"The House At Riverton"

The House At Riverton by Kate Morton

I read this book last week and stupidly put off posting about it. Now I'm reading "The Book Of Negroes" and it has so completely taken over my thinking that I couldn't even remember what I had read previously without looking it up. From now on I'm going to write as soon as I'm done reading because I hate this trying to remember and knowing I'm not doing justice to the book. Never again. Ever. I hope.

Ok. The House At Riverton. This was a good read, but then I am a sucker for books about houses. And look at that cover! A family homestead is a character to me every bit as real as the people who live in it. Any title with the word "House" in it can usually make me buy it. "House" and "Island". I can't get past either one. A house on an island would be my idea of perfection.

This is the story of Grace, a young girl who goes into service with the Hartford family at Riverton, the same family her mother had served before her. It is told from the viewpoint of the now elderly Grace who is living in a nursing home. She has been approached by a film company who wants to tell the story of one particular summer at Riverton, the summer a young man died at a party there. Memories of those years come rushing back and Grace begins her story, alternating between the younger Grace in the past and the older Grace in the present. 

There is a good plot line in this story, with mystery and suspense that will keep you turning pages, though I have to say it was rather a weak mystery. I am not one who needs a strong plot in books because I'm quite content with good writing and interesting characters, so the mystery was a sort of bonus for me. If I'm going to be completely honest, I'm not sure I wouldn't have liked the book better without it. I've never been a fan of mysteries, but I often like the setting in which they take place and that will get me reading them. Anne Perry and Elizabeth Peters are both authors I enjoy, but it is the people, the places and the era, not the mystery, that appeals to me. I love words and for me they trump the story every time. I do like a good story, it just isn't as important to me as the words. Is that odd or are there others of you that feel the same way?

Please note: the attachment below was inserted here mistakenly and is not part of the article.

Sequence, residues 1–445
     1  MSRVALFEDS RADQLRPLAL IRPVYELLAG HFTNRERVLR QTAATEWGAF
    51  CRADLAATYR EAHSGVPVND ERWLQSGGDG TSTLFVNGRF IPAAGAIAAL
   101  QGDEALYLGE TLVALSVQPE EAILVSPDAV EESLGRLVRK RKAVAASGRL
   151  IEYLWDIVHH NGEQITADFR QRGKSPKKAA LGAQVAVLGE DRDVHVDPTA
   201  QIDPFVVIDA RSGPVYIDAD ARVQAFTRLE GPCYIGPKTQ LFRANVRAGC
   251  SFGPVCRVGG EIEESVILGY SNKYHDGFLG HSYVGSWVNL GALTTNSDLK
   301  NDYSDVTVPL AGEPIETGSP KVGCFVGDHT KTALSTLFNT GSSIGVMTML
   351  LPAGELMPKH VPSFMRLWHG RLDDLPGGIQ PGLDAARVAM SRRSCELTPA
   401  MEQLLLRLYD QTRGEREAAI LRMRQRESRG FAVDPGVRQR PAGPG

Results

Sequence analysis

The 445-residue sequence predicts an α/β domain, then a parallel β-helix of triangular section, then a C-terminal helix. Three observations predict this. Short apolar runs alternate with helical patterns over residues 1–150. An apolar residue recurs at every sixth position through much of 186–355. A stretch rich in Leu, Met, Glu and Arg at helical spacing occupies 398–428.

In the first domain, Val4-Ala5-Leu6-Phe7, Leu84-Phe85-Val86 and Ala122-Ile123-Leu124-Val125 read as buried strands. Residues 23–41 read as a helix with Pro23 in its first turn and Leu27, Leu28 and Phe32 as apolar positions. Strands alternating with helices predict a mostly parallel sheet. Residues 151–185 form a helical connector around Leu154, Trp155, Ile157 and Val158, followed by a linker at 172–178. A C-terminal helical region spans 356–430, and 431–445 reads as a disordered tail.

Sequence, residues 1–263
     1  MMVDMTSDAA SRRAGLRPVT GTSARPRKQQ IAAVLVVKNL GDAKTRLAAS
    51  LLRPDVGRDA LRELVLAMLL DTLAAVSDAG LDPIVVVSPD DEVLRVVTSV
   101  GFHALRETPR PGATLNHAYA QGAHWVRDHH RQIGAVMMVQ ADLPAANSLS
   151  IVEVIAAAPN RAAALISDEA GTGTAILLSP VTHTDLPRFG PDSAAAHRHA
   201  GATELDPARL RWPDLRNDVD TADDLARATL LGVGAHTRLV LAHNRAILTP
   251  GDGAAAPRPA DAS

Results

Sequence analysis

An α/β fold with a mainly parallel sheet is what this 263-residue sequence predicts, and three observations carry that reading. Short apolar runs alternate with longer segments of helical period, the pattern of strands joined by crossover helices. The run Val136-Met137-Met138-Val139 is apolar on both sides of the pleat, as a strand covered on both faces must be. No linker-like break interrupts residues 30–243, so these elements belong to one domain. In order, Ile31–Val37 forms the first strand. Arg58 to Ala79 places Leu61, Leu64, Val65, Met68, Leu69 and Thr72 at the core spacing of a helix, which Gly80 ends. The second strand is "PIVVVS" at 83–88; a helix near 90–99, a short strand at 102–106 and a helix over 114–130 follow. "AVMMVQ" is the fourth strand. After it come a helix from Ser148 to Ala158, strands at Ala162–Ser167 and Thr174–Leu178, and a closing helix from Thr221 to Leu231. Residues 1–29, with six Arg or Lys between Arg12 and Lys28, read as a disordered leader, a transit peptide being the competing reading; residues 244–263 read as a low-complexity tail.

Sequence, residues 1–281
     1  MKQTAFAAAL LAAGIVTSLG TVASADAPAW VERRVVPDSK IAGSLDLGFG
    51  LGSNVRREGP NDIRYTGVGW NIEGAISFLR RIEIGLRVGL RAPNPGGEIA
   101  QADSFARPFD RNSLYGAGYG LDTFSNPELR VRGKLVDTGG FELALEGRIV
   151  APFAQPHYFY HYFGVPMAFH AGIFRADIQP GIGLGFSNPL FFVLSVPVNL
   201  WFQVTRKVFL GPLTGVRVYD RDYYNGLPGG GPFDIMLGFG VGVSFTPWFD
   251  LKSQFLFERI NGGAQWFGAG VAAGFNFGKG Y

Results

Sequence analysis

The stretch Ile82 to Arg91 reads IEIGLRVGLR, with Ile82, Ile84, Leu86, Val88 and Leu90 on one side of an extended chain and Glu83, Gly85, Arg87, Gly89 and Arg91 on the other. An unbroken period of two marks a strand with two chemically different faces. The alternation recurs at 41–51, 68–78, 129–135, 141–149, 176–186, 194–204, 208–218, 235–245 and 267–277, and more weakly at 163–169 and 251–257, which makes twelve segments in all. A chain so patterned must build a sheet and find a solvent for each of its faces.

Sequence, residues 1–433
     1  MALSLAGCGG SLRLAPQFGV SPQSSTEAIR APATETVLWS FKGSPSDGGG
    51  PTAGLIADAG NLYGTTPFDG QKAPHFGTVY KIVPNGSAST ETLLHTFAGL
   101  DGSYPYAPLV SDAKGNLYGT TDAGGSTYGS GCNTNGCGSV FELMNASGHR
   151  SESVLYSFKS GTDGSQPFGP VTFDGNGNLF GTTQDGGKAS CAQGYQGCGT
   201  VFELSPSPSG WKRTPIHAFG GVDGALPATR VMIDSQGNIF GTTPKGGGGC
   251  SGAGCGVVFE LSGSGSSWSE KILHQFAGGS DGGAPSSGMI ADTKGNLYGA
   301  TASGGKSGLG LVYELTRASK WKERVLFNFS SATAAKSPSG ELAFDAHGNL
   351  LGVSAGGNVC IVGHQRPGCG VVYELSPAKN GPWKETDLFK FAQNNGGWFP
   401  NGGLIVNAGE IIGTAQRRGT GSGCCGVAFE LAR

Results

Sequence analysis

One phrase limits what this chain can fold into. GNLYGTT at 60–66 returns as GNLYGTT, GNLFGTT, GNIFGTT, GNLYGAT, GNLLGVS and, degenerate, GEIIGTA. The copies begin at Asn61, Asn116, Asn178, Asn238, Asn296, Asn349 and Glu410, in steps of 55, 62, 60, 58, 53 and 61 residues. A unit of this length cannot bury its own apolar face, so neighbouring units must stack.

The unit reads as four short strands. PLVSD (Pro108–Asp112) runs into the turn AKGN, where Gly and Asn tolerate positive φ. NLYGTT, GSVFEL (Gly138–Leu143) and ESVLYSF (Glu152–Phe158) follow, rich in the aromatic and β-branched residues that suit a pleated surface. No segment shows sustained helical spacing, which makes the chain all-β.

There is some good writing to be found here. For example:

"He was handsome. But who amongst the young is not? With him it was something more, the beauty of stillness. Alone in the room, his dark eyes grave beneath a line of dark brows, he gave the impression of sorrow past, deeply felt and poorly mended."   How very well said.

Spoiler Alert:   The House At Riverton doesn't have a happy-ever-after-for-everybody ending. Fortunately, that's another thing I don't require. Unfortunate things happen in life, and they happen in this book, making it all much more realistic than some. There is certainly a place for books with happy endings, but I don't need one in every book I read. End Spoiler

I liked this book for it's title, the era it is set in (beginning in 1914), the house itself, the writing and the understanding I gained about life "below stairs" on a great estate. I was less taken with the characters and the storyline. I will certainly recommend it though if you're just looking for something to lose yourself in for a couple of days.

I'm going to try another Kate Morton book soon. I have "The Forgotten Garden" on my shelf now so it'll be interesting to see if I like it any better than this one. Not that I didn't like it. I did. Just not as much as I'd hoped to.


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